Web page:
Global warming brings red-breasted robins to Iqaluit
Thanks to global warming, new avian visitors arrived in Iqaluit this summer.
IQALUIT — Well-known everywhere in southern Canada for its brightly coloured red breast, the robin is now showing up in Iqaluit.
“The first time we saw one was near the beginning of June. We couldn’t believe it!” said Brenda Mowbray.
Mowbray, a resident of Iqaluit for more than 20 years, lives down by the beach next to Iqaluit’s cemetery.
Mowbray maintains a bird feeder that ordinarily attracts birds commonly found in the eastern Arctic, so the first visit by a male robin caught Mowbray and her husband off guard.
“We were amazed that it came. It looked as if it was foraging for nest materials,” Mowbray said.
Iqaluit’s robins, numbering at least two adults and a juvenile, have also been seen several times since then near the cemetery and along the walking trail to Apex.
The distinctive male robin has a bright red chest, a black head, white eye rings, a yellow bill, a black and white streaked throat, and grey back.
The female’s colouring is somewhat duller. The robins, fairly large birds, are around 25 cm. from beak to tail.
Their preferred diet consists of blossoms, insects and berries, and they can get quite plump when food is abundant.
Rare in the Arctic
One of the best known birds in North America, robins return to northern latitudes with the first warm spring weather, when temperatures rise above freezing. But rarely are robins ever found in the Arctic.
Most bird population maps and reference books robins aren’t found north of the treeline. The American Robin, whose species is called Turdus migratorius, usually breeds north to Alaska and across Canada south of the treeline.
Yet that could be changing, as warmer temperatures in the Arctic open up new ranges for robins.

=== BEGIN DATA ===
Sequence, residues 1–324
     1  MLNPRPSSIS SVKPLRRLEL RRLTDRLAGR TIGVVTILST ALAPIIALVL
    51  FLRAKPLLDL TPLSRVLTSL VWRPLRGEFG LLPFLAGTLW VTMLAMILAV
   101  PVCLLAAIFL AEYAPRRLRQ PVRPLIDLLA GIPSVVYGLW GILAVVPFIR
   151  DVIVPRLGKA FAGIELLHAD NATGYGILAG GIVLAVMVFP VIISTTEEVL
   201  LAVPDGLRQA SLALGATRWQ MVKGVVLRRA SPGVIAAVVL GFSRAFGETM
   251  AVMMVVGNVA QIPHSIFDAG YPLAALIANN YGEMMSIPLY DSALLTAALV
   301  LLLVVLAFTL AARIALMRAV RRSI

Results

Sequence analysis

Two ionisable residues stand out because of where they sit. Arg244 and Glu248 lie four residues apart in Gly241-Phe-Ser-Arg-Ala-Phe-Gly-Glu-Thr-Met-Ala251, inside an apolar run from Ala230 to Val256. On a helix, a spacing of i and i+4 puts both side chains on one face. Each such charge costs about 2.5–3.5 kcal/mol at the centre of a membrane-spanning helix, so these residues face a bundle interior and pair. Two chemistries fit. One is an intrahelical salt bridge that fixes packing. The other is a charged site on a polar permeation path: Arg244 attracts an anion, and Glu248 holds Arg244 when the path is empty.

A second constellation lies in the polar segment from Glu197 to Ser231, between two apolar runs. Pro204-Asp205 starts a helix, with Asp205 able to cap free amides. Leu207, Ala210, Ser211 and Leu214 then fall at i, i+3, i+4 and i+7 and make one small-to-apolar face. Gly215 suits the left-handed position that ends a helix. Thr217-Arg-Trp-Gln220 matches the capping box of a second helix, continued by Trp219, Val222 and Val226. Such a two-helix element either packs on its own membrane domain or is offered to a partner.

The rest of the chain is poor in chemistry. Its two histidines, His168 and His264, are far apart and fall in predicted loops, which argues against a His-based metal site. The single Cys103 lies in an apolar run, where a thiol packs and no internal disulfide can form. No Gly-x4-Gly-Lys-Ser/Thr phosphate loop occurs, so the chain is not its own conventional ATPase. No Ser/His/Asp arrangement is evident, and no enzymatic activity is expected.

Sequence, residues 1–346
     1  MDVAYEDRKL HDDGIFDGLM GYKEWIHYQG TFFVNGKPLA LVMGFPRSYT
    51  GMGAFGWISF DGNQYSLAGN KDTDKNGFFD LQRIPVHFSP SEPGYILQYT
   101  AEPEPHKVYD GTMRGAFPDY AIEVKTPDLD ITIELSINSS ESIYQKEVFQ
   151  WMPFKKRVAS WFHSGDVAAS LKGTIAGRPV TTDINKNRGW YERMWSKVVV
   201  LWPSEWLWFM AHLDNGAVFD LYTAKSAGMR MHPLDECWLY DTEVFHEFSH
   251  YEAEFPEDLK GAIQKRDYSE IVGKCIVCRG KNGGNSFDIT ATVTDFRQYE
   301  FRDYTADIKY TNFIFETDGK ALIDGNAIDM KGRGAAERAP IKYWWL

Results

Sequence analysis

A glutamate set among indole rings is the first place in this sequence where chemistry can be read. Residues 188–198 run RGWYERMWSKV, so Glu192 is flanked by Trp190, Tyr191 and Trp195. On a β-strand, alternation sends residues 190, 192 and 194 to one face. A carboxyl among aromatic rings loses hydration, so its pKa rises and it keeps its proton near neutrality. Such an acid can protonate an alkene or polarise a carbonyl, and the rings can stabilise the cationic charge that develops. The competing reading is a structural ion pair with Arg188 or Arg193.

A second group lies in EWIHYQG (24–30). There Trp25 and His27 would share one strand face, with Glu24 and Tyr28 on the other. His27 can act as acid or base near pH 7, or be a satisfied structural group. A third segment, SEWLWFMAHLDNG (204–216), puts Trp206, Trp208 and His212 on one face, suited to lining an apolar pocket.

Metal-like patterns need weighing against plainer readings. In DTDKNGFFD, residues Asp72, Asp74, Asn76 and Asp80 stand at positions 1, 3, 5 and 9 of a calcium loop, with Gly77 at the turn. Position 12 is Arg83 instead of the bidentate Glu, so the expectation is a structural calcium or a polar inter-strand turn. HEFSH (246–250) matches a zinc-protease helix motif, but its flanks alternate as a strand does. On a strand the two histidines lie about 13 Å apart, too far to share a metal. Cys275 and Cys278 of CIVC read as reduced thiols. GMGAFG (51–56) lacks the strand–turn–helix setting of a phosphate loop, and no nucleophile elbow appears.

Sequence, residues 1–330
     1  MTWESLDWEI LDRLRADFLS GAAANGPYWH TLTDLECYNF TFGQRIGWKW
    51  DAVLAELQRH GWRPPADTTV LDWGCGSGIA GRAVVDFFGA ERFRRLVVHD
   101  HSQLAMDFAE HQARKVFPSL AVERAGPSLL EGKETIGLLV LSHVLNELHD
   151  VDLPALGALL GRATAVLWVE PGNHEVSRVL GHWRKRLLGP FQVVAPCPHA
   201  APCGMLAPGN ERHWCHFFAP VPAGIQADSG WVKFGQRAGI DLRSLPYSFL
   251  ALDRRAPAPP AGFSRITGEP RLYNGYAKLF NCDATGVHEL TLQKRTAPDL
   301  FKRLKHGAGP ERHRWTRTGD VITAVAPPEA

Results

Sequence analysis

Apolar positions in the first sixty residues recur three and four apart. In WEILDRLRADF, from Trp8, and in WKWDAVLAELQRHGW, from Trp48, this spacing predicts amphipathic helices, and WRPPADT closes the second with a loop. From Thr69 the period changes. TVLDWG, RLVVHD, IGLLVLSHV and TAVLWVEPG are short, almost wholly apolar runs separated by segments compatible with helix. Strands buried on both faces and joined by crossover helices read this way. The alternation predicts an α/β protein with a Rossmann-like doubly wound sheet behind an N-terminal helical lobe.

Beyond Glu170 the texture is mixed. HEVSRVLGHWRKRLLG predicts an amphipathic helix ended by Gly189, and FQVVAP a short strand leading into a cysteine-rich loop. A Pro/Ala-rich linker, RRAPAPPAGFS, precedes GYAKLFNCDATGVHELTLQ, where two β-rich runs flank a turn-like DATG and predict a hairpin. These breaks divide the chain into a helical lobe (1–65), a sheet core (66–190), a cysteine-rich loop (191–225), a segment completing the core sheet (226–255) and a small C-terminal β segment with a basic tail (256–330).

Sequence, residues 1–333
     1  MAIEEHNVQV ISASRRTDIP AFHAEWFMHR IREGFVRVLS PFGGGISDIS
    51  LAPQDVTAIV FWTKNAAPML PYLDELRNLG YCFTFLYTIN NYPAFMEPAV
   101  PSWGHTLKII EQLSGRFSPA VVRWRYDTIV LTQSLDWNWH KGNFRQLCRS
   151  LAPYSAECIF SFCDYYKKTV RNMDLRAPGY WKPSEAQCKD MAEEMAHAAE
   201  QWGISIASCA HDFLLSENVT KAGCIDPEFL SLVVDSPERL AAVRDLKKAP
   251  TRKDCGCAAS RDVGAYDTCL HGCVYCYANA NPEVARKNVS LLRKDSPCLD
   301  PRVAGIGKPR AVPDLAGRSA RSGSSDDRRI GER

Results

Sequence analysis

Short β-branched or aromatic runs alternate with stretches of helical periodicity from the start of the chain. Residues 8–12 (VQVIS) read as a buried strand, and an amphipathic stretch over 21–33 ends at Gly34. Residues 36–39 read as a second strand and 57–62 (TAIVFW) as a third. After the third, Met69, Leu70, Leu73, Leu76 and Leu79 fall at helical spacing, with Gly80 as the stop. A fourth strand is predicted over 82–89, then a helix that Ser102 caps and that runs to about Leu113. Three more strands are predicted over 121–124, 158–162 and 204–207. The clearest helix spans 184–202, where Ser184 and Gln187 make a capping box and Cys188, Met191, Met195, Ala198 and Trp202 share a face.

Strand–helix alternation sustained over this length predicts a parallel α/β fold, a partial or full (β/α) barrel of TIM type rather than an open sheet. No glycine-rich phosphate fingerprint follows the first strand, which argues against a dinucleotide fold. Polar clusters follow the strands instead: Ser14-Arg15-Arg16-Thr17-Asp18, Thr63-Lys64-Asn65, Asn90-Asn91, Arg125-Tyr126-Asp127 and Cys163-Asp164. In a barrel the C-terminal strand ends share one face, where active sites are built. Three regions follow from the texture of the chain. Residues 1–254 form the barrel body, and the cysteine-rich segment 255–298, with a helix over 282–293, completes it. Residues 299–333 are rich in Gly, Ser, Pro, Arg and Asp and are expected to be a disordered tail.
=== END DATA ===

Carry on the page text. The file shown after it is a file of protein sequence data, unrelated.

Dr. André Dhont, the director of bird populations at the Cornell Laboratory of Ornithology in Ithaca, New York, said that migrations enable birds or insects to adapt to climate change.
“We see this in a variety of animal groups where there is a response to global warming,” said Dhont.
Scientists have noted birds and butterflies moving North in response to warmer weather in Europe and Great Britain.
Dhont said that many robins don’t migrate at all, but those that do often end up in new environments where they are able to thrive.
“Some birds lose their way. They don’t go where they’re expected to go,” Dhont said.
Robins in Kangirsuk
The robins spotted in Iqaluit could have headed North for this reason. Robins were also reportedly seen in Kangirsuk in northern Quebec earlier this year.
“That’s how bird ranges expand,” Dhont said. “You might say it’s an adaptive mistake. Those birds are more likely to respond to rapid change in the environment. They are more likely to have offspring. If you reach a place where there is food and no one else is there, you’re in excellent shape.”
Other bird population changes, such as deformed chickadees in Alaska or house finches with infected eyes that the Cornell Laboratory hears about are much more troubling.
Dhont termed the robins’ move to Iqaluit “ambitious” and “novel.”
“These little events in a large context become interesting,” Dhont said.
If Iqaluit’s robins manage to safely return to the South, Dhont said that they may come back next spring.